Filthy Hot (Five Points' Mob Collection #5) - Serena Akeroyd
Twenty-seven years ago
"Did you think Conor was being weird?"
I frowned at Aidan Jr. "Huh?"
"You really need me to repeat myself?"
"Not my fault you mumble," I groused. "But Conor's weird all the time. How can you tell the difference?"
"This was more different than normal."
I rolled my eyes but, still, I’d bite. "How do you judge between regular weird and different weird?"
"I don't know," he mused as he threw his hacky sack against the ceiling, the rhythmic bang-bang-bang was almost enough to make me zone out.
Aidan Sr. said that Junior had hand-eye coordination issues, ones that meant he could never hit a target no matter how many hours they spent at the gun range.
Of course, Junior didn't have diddly-squat wrong with his eyes, he just didn't have his father's hunger for blood.
But how the hell did you explain that to one of the most feared men on the East Coast?
It was a surprisingly easy question to answer—you didn't.
As a result, Aidan had gone to no less than three eye specialists, with each one telling his father that Aidan's eyesight wasn't just twenty-twenty—he could have flown a fucking jet plane if he wanted.
When the eye tests hadn't worked, then had come therapeutic techniques—throwing the hacky sack against the ceiling with one eye closed, and catching it with the opposite hand.
It wasn't working.
Junior had the mafia equivalent of the yips.
"He looked like he was going to puke."
I frowned, thinking about Aidan's words, and trying to judge if he was overreacting or not. Trouble was, Aidan wasn't that kind of guy. Just because he hadn't killed someone yet didn't mean his instincts weren't spot on.
"I guess he looked a little shaky," I murmured, rolling onto my side to peer at him.
Aidan's bedroom was the size of my old apartment. I'd always loved hanging out here, and not just because he had cool shit, like that Super Mario Bros. game and the Nintendo console that I’d been dying to get my hands on for ages, but because Lena was nice and always had plenty of food on the table for us to eat, and though Aidan Sr. was certifiable, he was really cool with me.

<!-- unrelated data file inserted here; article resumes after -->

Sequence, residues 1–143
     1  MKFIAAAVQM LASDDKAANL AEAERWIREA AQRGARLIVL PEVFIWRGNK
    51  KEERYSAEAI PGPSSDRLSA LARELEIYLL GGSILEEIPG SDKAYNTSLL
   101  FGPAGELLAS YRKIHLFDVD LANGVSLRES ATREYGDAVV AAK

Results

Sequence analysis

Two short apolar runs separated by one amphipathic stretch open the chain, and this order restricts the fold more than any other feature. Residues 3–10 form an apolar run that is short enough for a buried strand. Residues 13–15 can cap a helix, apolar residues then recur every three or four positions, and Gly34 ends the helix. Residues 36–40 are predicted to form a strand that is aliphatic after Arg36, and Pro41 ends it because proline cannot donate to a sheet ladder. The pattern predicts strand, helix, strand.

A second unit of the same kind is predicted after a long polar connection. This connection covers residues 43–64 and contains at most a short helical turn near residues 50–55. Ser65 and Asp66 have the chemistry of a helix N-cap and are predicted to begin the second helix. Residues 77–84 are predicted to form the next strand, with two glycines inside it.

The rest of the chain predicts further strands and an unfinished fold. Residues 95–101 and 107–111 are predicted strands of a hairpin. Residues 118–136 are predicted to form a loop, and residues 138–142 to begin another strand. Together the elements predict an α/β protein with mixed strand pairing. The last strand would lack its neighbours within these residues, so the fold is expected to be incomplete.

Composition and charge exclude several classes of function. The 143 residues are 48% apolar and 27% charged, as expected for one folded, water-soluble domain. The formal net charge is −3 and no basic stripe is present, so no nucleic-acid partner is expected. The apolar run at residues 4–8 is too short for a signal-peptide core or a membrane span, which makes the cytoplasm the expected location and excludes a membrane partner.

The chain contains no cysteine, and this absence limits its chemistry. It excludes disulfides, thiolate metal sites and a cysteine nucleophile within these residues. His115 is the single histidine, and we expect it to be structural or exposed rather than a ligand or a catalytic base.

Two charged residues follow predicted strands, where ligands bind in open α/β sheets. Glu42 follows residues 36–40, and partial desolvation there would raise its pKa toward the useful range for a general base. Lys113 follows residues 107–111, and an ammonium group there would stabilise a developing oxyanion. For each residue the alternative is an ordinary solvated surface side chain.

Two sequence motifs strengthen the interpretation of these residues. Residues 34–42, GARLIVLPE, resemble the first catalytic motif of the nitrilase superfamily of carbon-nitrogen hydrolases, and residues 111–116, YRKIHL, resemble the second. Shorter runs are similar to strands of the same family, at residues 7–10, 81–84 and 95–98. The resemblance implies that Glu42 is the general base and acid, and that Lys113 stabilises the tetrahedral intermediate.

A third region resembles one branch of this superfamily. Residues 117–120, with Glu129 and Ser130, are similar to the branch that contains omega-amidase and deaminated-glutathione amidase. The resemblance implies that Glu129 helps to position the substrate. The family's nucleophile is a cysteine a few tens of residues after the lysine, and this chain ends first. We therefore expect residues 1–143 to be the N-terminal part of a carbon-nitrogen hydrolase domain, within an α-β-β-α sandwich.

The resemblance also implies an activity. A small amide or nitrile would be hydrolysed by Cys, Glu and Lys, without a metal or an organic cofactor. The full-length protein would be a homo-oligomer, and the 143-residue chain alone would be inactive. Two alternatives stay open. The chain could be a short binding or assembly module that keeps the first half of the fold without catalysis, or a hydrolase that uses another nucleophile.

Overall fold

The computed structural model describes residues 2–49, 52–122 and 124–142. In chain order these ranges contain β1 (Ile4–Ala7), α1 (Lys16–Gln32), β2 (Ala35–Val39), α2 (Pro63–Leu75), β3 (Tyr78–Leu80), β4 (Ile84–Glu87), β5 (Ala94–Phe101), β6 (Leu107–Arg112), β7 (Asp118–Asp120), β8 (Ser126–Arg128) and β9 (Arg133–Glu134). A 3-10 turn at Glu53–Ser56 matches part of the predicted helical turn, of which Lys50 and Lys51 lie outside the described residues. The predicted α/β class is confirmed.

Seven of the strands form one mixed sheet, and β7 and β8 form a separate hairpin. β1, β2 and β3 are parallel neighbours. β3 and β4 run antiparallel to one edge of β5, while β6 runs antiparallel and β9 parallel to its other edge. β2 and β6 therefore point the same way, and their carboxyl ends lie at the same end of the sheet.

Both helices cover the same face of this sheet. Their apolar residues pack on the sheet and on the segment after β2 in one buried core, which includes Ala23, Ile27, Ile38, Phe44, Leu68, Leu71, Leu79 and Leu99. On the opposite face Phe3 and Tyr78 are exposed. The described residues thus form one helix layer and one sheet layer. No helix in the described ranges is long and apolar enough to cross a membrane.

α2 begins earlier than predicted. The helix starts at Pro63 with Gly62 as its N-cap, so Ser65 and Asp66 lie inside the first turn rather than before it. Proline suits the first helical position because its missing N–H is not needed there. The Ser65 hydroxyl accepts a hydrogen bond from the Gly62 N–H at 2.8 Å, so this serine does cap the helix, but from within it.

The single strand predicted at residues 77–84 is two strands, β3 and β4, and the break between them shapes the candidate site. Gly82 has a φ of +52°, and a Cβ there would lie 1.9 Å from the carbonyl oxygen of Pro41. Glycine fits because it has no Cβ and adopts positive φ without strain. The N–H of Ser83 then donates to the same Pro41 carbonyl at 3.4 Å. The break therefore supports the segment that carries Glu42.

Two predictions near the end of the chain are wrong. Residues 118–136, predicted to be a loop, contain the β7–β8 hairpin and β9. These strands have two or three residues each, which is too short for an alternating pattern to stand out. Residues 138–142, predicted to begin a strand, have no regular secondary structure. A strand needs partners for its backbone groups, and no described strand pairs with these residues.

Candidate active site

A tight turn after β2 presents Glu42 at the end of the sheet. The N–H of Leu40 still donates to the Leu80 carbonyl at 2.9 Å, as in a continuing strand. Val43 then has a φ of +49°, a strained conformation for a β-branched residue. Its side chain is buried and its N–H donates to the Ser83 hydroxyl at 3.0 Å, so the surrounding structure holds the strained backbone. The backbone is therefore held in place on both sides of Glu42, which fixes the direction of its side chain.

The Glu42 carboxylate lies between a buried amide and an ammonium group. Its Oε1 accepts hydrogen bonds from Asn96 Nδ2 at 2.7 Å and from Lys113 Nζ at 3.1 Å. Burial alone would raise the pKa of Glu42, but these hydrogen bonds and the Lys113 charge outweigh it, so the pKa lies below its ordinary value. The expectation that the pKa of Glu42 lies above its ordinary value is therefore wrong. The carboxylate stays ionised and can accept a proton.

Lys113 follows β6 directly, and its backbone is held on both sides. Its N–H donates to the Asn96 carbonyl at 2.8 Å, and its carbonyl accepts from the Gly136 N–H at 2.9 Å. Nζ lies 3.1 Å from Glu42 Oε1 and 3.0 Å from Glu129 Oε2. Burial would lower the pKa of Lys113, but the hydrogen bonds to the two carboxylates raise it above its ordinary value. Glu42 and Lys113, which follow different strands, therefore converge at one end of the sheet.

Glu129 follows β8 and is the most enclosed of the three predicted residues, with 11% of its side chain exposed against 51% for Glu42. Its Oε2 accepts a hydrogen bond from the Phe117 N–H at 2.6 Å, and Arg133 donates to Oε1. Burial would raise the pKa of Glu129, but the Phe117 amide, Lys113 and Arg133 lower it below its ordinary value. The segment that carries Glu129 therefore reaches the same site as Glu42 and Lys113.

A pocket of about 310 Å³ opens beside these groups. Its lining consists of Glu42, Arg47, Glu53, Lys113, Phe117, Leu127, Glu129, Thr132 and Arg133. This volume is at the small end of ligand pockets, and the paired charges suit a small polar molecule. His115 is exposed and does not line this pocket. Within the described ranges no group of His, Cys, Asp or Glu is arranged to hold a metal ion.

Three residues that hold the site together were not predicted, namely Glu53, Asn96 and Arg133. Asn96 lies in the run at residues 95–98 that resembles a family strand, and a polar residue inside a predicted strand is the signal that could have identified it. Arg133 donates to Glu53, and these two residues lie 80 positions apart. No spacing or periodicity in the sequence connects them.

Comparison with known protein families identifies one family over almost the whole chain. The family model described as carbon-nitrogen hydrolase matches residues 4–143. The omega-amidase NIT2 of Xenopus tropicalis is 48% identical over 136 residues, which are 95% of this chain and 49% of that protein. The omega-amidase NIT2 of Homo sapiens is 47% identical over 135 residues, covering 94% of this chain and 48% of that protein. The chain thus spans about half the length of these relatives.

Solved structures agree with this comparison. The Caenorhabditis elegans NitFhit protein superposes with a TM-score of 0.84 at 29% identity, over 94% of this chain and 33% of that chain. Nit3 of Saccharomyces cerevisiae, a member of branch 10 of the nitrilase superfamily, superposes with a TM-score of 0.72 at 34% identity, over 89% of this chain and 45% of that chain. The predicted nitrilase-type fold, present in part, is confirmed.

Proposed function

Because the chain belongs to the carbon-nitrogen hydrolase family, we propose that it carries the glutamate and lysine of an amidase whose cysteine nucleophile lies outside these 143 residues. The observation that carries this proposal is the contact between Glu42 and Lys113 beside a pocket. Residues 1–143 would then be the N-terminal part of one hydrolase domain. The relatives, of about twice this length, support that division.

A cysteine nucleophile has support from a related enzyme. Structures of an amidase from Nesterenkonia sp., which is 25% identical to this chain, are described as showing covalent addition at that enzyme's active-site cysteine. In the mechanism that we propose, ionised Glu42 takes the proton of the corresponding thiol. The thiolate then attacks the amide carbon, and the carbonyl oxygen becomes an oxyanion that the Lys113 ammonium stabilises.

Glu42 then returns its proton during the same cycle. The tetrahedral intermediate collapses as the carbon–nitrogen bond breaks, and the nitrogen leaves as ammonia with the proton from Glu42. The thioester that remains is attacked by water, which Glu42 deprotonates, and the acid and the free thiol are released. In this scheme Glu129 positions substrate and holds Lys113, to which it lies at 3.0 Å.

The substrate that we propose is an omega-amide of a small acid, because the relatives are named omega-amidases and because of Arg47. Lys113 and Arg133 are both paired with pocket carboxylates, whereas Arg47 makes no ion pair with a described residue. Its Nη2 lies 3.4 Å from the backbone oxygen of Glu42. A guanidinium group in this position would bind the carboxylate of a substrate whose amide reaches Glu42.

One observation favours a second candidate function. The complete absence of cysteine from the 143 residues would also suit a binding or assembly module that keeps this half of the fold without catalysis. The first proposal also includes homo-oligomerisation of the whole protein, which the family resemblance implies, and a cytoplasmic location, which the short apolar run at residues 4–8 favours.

Junior had a TV of his own, as well as cable, and a mini fridge—why the hell wouldn’t I want to live here?
More than that though, he was here.
Was it whacked to think of him as more than a friend?
I wasn't a guy he'd picked to be on his crew when he grew up. That first day of school all those years back, we'd gravitated toward each other and had stuck together ever since. It wasn't like we were gay or anything. It was... Well, I guessed it was odd. He felt like he was my brother.
Which meant his kid brothers were mine too.
He and I had always been close, but since I'd moved in, it cemented things.
The O'Donnellys might be crazy, they might be more infamous than Capone in the area, might terrify most people, but they were family. They'd taken me in when I was at my lowest and they'd saved my ass. I really fucking wished that wasn’t literally.
"He's going to choir practice, right?" I asked, trying to think back to what Conor had said when he'd come to Aidan's room earlier.
"Yeah," Aidan confirmed.
An uneasy feeling settled in my gut and though I knew it might open a can of worms, I muttered, "I don't like that priest."
"Father McKenna? What's not to like? He gives us fewer Hail Marys than Father Doyle. Plus, his sermons don’t drone on for-fucking-ever.
"Shit, I almost wish he’d take over full time. Does Father Doyle really need to come back from the Vatican?"
There was no denying the sermons were shorter, and the confessional ‘punishments’ weren’t as taxing, but some guys just gave off a vibe, didn't they? A creep factor. I knew how that worked. My dad had that in fucking spades.
Nerves hit me, even though it was stupid to feel anything other than stuffed full after Lena had crammed roast pork down my stomach like it was going out of fashion. It wasn't like Mom hadn't fed me, but food just tasted better here.
Maybe because I was safe?
Because I knew nothing could touch me inside these walls?
I knew how it felt to feel vulnerable inside your own home, even worse I knew how it felt to see a man look at me like that.
Like I wasn't some kid, a nuisance, but as if I were tasty.
Conor was a weirdo, and he definitely did unusual